In today’s newspapers it was reported that Janet Yellen, Fed Chair, signaled yesterday that a rate rise at the Fed’s December meeting was on the cards.
- Wall Street Journal: Yellen Signals Fed on Track to Raise Rates
- Financial Times: Yellen Signals US economy is strong enough for a rate rise
Baring news that rocks her view of the US economy, it seems we will see the first raise since 2006. There are several risks with this.
First, the global economic picture that stayed her hand in September has not changed all that much. In fact, it has gotten worse. Emerging markets are struggling as dollars are seeping away and back to the US where a stronger dollar and the threat of interest rate increases have attracted significant money movements.
Second the big global slow down has continued. Commodity prices remain depressed, even lower than in September. China’s growth continues to slide. The Euro zone continues to drift with additional threats from Dragi, the ECB Chair, that more QE and increased negative interest rates are coming and soon.
Third US businesses are reporting missed numbers in large numbers – which suggests that the US economy is past the “normal” upswing side of the business cycle. This would imply that we are in fact on the down-swing side of that cycle. As such, the Fed would normally be thinking about relaxing rates in order to encourage firms to borrow more cheaply to invest more, to fend off contraction. But the Fed can’t do this as it is torn between reasons to raise and drop rates. So what has changed to move Yellen’s hand?
It seems that recent data concerning wage pressure is moving Yellen’s views. It is true that there has been a spate, although small, of data that does suggests some wage pressure has finally started to appear. But it is hardly a broad measure and it may not be sustained, once the interest rate picks up. On Wednesday the Labor Department reported that inflation-adjusted hourly compensation for workers in the nonfarm business sector of the economy rose 3.4% in the third quarter, compared to the same quarter last year. This was the second largest jump since Q3 2009. This growth was after a figure of 3.3% in second quarter compared to that quarter in 2014. So overall wage pressure, albeit slight, is sticking and may start to tick up soon.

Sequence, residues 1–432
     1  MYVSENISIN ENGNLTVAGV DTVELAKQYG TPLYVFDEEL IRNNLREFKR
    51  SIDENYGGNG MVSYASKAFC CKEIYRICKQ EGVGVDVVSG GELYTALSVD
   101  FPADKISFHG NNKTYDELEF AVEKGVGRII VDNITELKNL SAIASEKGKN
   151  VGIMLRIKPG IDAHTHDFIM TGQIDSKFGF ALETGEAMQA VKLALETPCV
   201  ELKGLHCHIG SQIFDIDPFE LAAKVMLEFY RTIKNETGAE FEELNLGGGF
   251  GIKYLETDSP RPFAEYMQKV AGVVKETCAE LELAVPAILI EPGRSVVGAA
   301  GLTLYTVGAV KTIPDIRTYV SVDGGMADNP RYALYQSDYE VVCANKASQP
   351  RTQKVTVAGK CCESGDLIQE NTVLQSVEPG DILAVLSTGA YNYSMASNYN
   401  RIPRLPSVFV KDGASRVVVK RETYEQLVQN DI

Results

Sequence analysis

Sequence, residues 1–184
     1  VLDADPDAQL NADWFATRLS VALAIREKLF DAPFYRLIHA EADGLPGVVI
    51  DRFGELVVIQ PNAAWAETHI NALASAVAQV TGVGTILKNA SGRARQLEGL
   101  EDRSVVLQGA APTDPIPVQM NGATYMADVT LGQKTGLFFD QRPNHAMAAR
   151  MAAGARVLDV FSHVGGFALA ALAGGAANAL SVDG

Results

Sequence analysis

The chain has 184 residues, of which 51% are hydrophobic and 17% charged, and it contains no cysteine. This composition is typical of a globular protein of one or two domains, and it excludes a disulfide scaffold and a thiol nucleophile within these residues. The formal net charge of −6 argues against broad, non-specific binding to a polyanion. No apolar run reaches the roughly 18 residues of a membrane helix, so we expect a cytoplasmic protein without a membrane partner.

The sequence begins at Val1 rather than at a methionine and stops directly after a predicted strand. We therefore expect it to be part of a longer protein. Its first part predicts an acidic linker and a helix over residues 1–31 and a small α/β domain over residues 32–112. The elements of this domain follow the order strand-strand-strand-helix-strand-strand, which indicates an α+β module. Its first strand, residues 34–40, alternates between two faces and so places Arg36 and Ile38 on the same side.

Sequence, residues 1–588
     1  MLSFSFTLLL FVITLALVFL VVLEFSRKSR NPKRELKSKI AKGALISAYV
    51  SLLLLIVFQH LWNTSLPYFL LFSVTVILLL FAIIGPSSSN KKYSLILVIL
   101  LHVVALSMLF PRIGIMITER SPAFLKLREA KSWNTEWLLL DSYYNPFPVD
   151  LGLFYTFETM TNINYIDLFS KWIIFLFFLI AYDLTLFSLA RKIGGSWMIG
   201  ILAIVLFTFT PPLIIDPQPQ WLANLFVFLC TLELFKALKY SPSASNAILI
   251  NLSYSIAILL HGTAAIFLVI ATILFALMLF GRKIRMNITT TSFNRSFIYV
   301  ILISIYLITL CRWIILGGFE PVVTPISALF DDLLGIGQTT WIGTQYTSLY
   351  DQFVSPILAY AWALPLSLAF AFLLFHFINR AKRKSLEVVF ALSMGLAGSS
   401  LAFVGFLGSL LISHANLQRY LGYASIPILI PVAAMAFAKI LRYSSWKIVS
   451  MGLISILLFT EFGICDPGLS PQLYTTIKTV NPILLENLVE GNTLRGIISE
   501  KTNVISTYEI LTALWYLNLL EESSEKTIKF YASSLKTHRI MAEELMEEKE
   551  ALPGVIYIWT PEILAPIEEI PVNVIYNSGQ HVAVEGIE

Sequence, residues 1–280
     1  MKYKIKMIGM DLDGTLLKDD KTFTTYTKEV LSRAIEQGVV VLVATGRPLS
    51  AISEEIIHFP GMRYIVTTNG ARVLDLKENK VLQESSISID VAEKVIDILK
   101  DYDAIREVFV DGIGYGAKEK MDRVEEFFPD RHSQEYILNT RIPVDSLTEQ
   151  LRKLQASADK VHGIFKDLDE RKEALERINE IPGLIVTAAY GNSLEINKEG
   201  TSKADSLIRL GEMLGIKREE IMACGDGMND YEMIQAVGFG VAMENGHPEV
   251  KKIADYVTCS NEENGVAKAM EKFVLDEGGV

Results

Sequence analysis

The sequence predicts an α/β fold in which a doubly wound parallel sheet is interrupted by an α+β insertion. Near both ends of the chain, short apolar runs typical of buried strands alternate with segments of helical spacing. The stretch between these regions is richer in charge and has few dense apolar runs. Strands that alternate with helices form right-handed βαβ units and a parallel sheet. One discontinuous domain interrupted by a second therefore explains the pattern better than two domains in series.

The negative signs for keeping rates low are also plenty: debt bubbles are all over the place again – we have student loans; we have risky morgages again being pushed to those of the population that can’t afford them; and more. So in some ways Janet Yellen and the Fed are damned if they do raise rates, and damned if they don’t. But it seems the focus on the US economic conditions outweighs her concerns, over and above global challenges.
And if you wanted more proof of this rockc-and-a-hard-place situation, look no further than the Bank of England. In ‘The Bank of England is a dove with clipped wings‘, Chris Giles of the FT today suggests, “After its [the Bank of England] move towards dovishness in the past month, Britain’s monetary policy risks now being constrained by both a lower and an upper bound.”
I think that with the ECB and even Japan touting more QE and relaxing rates, the US should hold off raising rates. We are like sitting in a boat that is rocking side to side. The water that splashes over the side are the dead weights that will eventually sink our boat and pull our economy down. By increasing rates when others are relaxing theirs, we rock the boat even more and additional balast rolls in. Too much too soon and we start to list even more.
The positive data is not even; its not even consistent because some parts of the economy are growing, some are stalled with debt bubbles, and some parts are still quite sluggish. The regions (US, Euro, Asia) need to coordinate theit actions. For if they do not, Yellen may well have to negate her new rate raise all too quickly in the New Year, to calm the economy and stablize that boat. If she has to do that, her assumed magical powers for reading economic tea leaves will be washed away. What then of her credibilty?